“It’s not clear that anything was cut,” Waldeck said. “We have the same operating budget as we had last year.”

However, over the summer, Waldeck told The Pitt News that operational budgets are usually the part of the budget that does get cut when there are reductions. Operating budgets include money for things such as paper and telephones.

Waldeck noted that the last time the department had to make operating cuts was due to fiscal pressures in 2008.

He said that N. John Cooper, the dean of the School of Arts & Sciences, met with all the department chairs at the beginning of the fall term and said that most of the cuts were going to be taken up through higher levels.

University spokesman John Fedele refused interviews requests with Cooper.

Waldeck said the only effect the budget cuts might have specifically on academic departments is that there will probably be a decrease in hiring of any new faculty. But he said that because of the surplus of chemistry students this year, the chemistry department was given special funding for part-time faculty.

Hill said that although Pitt didn’t eliminate specific programs, it reduced programming and public outreach in schools and operations across the board. Four specific areas received a 50 percent cut in their respective funding from the Commonwealth of Pennsylvania — rural education initiatives, public health programs that serve the 68 counties, dental clinics that provide care to those in need and services provided through Western Psychiatric Institute and Clinic.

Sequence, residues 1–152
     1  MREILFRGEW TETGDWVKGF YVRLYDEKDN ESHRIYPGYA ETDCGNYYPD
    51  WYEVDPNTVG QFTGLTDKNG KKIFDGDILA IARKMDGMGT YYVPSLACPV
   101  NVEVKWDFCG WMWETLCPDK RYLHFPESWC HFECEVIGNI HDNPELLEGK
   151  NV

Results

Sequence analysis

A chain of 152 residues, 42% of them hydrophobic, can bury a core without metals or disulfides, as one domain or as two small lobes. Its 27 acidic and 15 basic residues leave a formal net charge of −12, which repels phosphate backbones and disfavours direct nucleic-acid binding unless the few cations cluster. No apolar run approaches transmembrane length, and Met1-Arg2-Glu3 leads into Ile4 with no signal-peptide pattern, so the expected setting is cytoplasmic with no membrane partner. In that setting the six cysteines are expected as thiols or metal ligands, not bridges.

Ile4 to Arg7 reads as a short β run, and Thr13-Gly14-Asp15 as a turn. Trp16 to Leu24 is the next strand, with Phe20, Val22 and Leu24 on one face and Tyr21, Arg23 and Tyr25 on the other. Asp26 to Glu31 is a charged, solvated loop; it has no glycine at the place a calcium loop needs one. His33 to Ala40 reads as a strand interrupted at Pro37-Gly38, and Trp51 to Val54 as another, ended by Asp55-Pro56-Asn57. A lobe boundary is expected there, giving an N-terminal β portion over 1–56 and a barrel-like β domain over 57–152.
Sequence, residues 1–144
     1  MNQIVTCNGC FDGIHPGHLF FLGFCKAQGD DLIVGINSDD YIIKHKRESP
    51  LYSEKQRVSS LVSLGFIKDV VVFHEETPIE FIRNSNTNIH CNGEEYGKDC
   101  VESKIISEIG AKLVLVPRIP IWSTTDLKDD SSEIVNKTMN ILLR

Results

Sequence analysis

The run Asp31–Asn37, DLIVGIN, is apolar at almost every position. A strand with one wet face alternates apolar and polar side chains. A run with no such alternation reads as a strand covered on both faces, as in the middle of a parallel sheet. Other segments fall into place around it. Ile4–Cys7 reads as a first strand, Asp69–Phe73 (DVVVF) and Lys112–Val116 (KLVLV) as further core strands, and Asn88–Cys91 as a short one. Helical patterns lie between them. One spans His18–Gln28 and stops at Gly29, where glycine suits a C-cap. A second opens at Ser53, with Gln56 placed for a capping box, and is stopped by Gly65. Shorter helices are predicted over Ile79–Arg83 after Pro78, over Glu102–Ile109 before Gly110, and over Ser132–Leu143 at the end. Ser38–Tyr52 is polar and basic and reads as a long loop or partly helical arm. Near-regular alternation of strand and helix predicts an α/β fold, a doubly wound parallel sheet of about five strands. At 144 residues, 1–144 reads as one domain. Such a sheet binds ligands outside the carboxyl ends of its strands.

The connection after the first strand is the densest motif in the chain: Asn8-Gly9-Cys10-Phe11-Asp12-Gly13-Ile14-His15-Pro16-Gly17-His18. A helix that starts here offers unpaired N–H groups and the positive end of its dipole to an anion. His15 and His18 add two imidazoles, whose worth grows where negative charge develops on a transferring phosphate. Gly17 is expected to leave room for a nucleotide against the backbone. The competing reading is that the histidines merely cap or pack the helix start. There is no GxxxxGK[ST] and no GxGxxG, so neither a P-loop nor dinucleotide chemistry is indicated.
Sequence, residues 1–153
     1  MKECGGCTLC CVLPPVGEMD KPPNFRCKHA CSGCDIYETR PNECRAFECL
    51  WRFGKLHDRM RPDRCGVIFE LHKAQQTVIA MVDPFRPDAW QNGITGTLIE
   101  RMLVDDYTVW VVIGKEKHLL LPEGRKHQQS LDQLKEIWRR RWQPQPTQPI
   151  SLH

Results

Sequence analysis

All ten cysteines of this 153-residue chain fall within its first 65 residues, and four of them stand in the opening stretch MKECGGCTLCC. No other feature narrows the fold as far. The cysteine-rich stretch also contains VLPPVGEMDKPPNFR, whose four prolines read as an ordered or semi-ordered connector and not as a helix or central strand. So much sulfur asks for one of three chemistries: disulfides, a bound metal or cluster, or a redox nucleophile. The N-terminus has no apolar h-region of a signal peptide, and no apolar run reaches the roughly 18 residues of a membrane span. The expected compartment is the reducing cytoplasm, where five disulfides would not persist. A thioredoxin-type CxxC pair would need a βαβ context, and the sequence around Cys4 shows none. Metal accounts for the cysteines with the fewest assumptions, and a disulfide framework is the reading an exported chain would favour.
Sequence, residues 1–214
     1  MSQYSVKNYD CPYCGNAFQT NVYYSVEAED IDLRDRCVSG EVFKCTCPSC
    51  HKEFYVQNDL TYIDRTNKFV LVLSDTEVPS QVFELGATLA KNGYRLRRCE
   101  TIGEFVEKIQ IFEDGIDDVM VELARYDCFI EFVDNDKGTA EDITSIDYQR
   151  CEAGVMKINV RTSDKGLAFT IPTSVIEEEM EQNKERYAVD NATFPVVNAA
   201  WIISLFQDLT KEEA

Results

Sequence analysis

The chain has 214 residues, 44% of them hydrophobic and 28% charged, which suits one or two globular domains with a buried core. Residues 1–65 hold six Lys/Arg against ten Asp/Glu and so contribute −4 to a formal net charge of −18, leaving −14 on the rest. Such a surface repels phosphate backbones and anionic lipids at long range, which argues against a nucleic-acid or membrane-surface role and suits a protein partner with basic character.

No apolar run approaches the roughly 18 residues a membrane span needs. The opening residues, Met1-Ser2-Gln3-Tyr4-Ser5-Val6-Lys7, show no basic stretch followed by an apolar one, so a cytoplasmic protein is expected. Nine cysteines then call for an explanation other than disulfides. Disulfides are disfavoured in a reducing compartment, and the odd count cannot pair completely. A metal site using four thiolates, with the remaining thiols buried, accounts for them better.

“We will continue to invest in programs and services that provide greater efficiency to the university and will analyze each opportunity by looking at the cost of the upgrade compared to the payback that would result from that investment,” Hill said. “In most cases, projects that reflect a higher payback over a shorter time period will be given a higher priority.”

Cuts from the administration

At administrative levels, Pitt officials took measures to lower costs.

Beeson said that the Office of the Provost reduced the number of staff in its unit and the admissions process was made fully paperless.

According to Beeson, officials have made many efforts to save money.  

“We have taken many University-wide steps to cut costs and avoid undue expenses, including energy-conservation measures, greater efficiency through technology, administrative streamlining, targeted staff reductions and other steps,” Beeson said in an email.

Beeson would not comment on how many employees Pitt cut.

Hill said that the University does not have a specific number of staff reductions as of now or a target number, and he would not comment on how many staff members Pitt has cut so far. He said that in most cases, staff reductions have been the result of attrition.

Each operating unit is monitoring necessary staffing levels to maintain the quality of the programs being offered, he said.

“We are adamant that we are not going to allow staffing cuts to negatively impact the quality of the educational experience at the University and the extremely important research programs, both that have become hallmarks of the University of Pittsburgh,” Hill said in an email.

Hill said that the various schools and programs of the University looked at course offerings to make sure that the courses being offered at the University were those with high student interest and those that fulfill degree requirements. No specific major programs were cut this year.

“Our overriding priority is to protect the quality and academic integrity of the units and the courses that they offer,” Hill said.

Beeson said that the University is working to ensure that students feel the effects of the cuts as little as possible.

“We will continue to do everything possible not to place undue burden onto our students,” Beeson said.